â€œThere are times when people leave their homes and forget to switch off lights and other electrical devices connected which consumes power. We designed a system where a door key controls everything that is connected to electricity in the house. The key switches on power when you open the house and switches off when you close it,â€ says Kazungu.
Water accidents alert device
Another on the list of invented devices by IPRC-Karongi is a device that alerts security personnel once an accident occurs in the Lake. For this device, according to Kazungu, a vessel will itself be alerting security organs once it is involved in an accident. It wonâ€™t require people on board to call the marine brigade.
â€œWhen a boat is involved in an accident, people on board may not be able to call the Police for rescue. Itâ€™s from this experience that we designed another device connected on the vessel which will be alerting security in case of an accident,â€ said Kazungu.
The rebirth of IPRC-West
Started as a Technical Secondary School in 1989 by the Government of Rwanda in conjunction with the World Bank, the School began operations in September 1990 with the first batch of 160 students. The school only had four Trainers including a Director. At that time, it had two Workshops, six classrooms, four dormitories, a kitchen; a dining room, an administrative block and fifteen houses for trainers.
In April 1994, the Genocide against the Tutsi started three Months before the first batch was about to graduate in July. The Genocide forced the School to close shop. Everything was destroyed and many of its Tutsi students and staff were killed. The Schoolâ€™s entire automobile mechanics department was left into ashes despite the presence of the United Nations Mission to Rwanda under its infamous â€œZone Turquoiseâ€ operation, according to those who survived at the School.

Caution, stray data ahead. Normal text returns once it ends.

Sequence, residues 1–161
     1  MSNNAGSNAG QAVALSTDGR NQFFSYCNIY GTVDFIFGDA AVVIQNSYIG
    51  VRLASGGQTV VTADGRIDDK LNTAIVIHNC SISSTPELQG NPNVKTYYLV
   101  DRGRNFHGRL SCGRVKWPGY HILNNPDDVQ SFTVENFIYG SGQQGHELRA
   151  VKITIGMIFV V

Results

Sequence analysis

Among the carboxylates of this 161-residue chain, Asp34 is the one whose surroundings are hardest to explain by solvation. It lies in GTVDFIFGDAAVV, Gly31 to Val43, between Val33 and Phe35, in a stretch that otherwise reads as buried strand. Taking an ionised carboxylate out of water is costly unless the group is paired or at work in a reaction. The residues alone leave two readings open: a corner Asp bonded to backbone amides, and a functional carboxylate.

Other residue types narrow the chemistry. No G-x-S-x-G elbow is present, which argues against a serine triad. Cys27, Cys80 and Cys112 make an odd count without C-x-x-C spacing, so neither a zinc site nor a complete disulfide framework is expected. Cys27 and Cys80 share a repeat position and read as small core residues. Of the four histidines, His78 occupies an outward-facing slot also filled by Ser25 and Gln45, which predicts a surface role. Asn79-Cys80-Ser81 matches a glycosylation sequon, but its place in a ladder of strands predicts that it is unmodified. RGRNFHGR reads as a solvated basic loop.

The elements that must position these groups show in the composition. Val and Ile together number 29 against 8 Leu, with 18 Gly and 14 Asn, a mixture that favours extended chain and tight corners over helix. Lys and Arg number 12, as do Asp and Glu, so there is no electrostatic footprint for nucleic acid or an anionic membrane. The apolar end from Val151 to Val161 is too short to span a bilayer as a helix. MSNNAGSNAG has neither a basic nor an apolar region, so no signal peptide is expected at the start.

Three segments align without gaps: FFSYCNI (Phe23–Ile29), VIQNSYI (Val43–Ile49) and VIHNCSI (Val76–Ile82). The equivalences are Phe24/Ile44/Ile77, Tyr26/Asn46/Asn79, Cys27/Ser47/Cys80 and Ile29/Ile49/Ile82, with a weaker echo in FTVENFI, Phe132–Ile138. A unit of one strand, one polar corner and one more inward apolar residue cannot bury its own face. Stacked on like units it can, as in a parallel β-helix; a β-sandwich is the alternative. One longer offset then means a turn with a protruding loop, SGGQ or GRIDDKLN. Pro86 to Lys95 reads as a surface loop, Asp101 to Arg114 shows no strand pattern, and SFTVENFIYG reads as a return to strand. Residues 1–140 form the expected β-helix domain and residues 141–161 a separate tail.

Despite remarkable consequences of the Genocide, the government of Rwanda through the Ministry of Education and Germany International Development Cooperation (GTZ) joined hands for the rebirth of the School, a year after the Genocide.
On 23rd October 1995, classes resumed. The reopening started with two trades: General and Motor Vehicle mechanics ordinary level (A3) with six classes from senior one to four with a total number of 182 boarding students (181 boys and one girl) with only five administrators, three permanent trainers and three visiting trainers.
Today, under the stewardship of the governmentâ€™s Workforce Development Authority (WDA), the School is excelling in the World of technology. It has also contributed to social economic welfare of both students and their families.
According to Karongi District officials, about 68% of youth in the District are unemployed and the only way to sustain their lives is through the acquisition of vocational and technical skills. However, with the presence of the School that offers skills in customer care under Hospitality training, the number is expected to be trimmed
Henriette Kayitesi is a senior six student at the School in Motor Vehicle Mechanics department. She says that given the skills she has already acquired at IPRC West, the sky is the limit.
â€œThe skills I got from here are just the beginning of my â€˜Self- employmentâ€™ dream. Â I have a plan to form an association that will own a registered mechanical garage with a mission of encouraging more females to join this career,â€ says a jubilant Kayitesi.
In the recently announced results for the 2013 A- level technical and professional examinations, studentsâ€™ performance at IPRC West was excellent, standing at 100%.Â In the department of electricity, for instance, the School had the 8thÂ best student in the whole country. In General Mechanics they took the 7th,Â 10th and 11thÂ positions Countrywide.